Simple tech: The cam may be on the way out
We are surrounded by cams, like we saw last month - they are literally in all of the machinery that powers the world today. But increasingly, despite their popularity and efficiency, they're being shown the door - at least that is what I see in the changing trends in the auto industry. Cams have already fallen out of favour in fuel pumps, fuel injection and distributors and it looks like, more areas of application will follow.
In today's internal combustion engines (ICE), the cam's central role is to open and close inlet and exhaust valves, a job they've held for over a century now. That position could close - because the Governments need the ICE to be ever more fuel-efficient. Every passing day, the regulations become stricter and the cams job becomes more impossible. And the electric (cam-less) automobile is looking the increasingly likely candidate to end the ICE reign. If the ICE is to challenge intelligent hybrids and electric cars tomorrow, it must become more intelligent too.
This intelligence isn't the preserve of the cam - it cannot think, process, adapt or improve on the go. Each of those things, is why more electronics enter the ICE world and in our case, threaten the cam itself. Let's consider an example. A cam has a fixed profile designed to make an engine run at peak efficiency (the range from peak torque to peak horsepower) for a very short rev range. The Honda CR-V, for instance, makes 300Nm at 2,000rpm and 120PS at 4,000rpm. As in its best performance stays only between 2,000 and 4,000rpm. But in dense city traffic, where the CR-V might find itself often, the engine is below 2,000rpm, making less than full use of the fuel that it is burning. Which might be emissions-legal today, but may not be tomorrow.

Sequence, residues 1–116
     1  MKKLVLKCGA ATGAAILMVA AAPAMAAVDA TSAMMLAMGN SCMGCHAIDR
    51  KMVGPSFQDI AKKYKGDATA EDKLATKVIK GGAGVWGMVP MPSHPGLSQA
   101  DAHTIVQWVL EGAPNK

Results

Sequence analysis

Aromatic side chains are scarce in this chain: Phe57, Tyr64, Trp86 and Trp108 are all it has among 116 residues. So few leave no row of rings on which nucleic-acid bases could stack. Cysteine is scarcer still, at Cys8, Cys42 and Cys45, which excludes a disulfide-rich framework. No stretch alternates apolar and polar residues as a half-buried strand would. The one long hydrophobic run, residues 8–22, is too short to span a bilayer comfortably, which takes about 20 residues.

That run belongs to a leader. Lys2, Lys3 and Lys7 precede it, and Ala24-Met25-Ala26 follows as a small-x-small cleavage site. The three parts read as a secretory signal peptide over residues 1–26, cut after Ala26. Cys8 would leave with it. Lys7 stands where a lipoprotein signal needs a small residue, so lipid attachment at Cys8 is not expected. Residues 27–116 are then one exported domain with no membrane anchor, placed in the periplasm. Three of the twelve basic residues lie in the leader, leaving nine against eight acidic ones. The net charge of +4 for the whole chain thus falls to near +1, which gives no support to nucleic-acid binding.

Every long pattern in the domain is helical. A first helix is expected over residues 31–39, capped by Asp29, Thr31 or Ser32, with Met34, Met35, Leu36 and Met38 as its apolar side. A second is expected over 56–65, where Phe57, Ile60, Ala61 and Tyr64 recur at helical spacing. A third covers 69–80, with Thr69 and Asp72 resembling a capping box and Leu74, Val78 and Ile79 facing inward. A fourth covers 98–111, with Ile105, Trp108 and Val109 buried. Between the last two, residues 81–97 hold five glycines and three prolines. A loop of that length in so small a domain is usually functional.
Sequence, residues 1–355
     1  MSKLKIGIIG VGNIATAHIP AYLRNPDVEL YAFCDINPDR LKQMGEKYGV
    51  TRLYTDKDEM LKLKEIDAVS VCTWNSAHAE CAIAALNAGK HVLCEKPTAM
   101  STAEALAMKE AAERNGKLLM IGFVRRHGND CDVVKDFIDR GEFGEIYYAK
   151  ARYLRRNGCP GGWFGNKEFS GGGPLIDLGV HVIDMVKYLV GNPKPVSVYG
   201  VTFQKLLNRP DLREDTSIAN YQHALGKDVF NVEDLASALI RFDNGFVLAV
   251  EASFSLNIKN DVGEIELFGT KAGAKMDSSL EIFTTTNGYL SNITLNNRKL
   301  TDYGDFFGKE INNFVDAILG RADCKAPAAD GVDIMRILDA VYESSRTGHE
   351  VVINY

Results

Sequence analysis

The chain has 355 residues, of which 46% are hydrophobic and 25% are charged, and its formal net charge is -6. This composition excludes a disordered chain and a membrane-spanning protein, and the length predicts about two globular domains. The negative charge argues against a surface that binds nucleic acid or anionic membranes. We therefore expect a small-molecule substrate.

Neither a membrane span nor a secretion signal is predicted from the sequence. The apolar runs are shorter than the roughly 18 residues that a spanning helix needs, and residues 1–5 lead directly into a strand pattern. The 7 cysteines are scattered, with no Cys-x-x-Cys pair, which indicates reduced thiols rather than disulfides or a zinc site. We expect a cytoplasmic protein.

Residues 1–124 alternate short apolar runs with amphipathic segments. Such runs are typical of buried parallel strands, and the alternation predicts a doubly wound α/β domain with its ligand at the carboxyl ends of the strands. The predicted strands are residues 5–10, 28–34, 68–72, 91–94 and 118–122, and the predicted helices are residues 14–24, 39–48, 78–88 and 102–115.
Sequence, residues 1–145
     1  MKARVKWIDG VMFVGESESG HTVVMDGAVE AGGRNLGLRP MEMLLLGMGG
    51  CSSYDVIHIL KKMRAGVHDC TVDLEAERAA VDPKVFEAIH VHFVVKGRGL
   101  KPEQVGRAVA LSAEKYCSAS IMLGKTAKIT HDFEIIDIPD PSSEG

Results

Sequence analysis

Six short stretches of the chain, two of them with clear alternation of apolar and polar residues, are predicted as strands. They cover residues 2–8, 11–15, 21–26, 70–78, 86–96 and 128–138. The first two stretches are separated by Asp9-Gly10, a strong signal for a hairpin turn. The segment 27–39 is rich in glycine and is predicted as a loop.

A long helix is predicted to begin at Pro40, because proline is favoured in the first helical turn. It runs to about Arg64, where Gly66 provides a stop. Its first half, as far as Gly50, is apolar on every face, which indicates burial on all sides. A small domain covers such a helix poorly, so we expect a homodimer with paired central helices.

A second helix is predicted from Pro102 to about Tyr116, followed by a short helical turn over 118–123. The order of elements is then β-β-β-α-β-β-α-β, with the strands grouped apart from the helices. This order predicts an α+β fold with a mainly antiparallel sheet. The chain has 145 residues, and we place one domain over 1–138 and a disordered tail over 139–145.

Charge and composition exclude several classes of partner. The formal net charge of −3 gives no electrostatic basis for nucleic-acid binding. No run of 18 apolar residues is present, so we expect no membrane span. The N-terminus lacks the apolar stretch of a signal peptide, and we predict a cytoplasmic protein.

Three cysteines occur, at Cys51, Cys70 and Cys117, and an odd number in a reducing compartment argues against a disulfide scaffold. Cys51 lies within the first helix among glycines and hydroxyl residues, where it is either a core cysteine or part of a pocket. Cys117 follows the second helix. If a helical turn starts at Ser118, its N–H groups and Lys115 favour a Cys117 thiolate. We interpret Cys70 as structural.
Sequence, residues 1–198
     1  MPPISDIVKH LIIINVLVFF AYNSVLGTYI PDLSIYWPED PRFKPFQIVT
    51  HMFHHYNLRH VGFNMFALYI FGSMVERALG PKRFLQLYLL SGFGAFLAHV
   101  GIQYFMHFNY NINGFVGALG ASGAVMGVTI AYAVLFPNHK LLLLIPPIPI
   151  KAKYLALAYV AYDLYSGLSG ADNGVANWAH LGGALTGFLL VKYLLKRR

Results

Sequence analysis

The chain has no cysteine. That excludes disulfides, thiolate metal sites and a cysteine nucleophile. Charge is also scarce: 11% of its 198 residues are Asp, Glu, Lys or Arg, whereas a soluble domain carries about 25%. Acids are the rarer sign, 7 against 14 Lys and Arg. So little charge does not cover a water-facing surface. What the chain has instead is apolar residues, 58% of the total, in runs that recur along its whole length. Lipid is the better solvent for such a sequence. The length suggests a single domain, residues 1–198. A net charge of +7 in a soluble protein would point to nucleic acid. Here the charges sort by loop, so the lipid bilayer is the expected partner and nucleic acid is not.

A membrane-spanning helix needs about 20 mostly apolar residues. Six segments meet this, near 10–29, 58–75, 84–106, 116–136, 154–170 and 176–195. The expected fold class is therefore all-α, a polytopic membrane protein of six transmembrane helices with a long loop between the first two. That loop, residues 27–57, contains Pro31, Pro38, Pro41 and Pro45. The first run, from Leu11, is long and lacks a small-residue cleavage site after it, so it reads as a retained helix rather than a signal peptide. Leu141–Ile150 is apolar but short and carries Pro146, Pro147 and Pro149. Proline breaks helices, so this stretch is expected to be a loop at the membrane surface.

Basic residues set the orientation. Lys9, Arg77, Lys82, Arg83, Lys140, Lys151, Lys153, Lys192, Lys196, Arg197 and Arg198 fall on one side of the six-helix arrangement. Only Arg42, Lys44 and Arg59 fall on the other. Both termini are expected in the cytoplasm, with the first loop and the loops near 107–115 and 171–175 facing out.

Why is it like this? The engine's efficiency depends on the efficiency of the airflow in and out of it. This determines how every drop of fuel is used by the ICE. This depends, naturally, on the valve timing (when the valves, open, shut and how far they open). A mechanical cam can only achieve the best combination of these for a limited rev range. If this car has variable valve timing, then you can use two or more cam profiles to widen the range during which the air flow is optimal. But since you cannot cram an infinite number of cam profiles into an engine, some wastage will always be there.
To reap the full benefits of optimum air flow, we need the valve operation to be able to adapt continuously as the revs rise and fall. The new way of doing this uses electromagnets (electricity), hydraulics (oil) or pneumatics (air) to control valve operations. Bye bye cams.
Hydraulics have replaced mechanical things in many places already. The high pressure hydraulic oil can be used to open or close a valve using a solenoid (electrically activated) valve similar in principle to the one in the fuel injector. So the electronics can use the solenoid to release the oil to work the valves as and when required. Valve lift can be controlled by a bypass solenoid with a small pressure variation. Since this system isn't linked to the engine, valve operation can be altered continuously to achieve the best result at all revs. Think this is theory? Fiat's Multi- and TwinAir engines run almost exactly this system. And they're both award-winning engines with benchmark efficiency.
A pneumatic system will work more or less in the same way, using air under pressure instead of the oil. Obviously, you do need to have high pressure air onboard - needs a compressor and a storage tank. That can be expensive and cumbersome.
Electromagnetic valves are simpler. They use an electric coil wrapped around a valve. The magnetic field that emanates when current is passed through the coil operates the valve. We use this principle in almost all electric equipment we use today. The magnetic effect can pull or push the valve as per the current's direction. And more current you supply, the hard the pull or push - that's the way to control valve lift. An ECU can choose how much electricity is needed for the coil to do its job, squeezing the maximum out of every drop of fuel and improving efficiency.
Electromagnets work without a physical medium like oil or air, react super fast and are extremely efficient. They also are easier to package and require less space than a hydraulic or pneumatic system. Redundant systems can be built in to prevent an electrical fault, which completes the system. Many manufacturers are working on this as we speak and I expect that it's just a matter of time when the cam will be a part of our engineering history.
This is the future, and it's ironic that while these valves might extend the life of the ICE, it requires electricity to save the combustion engine from the onslaught of electric mobility. Strange world..
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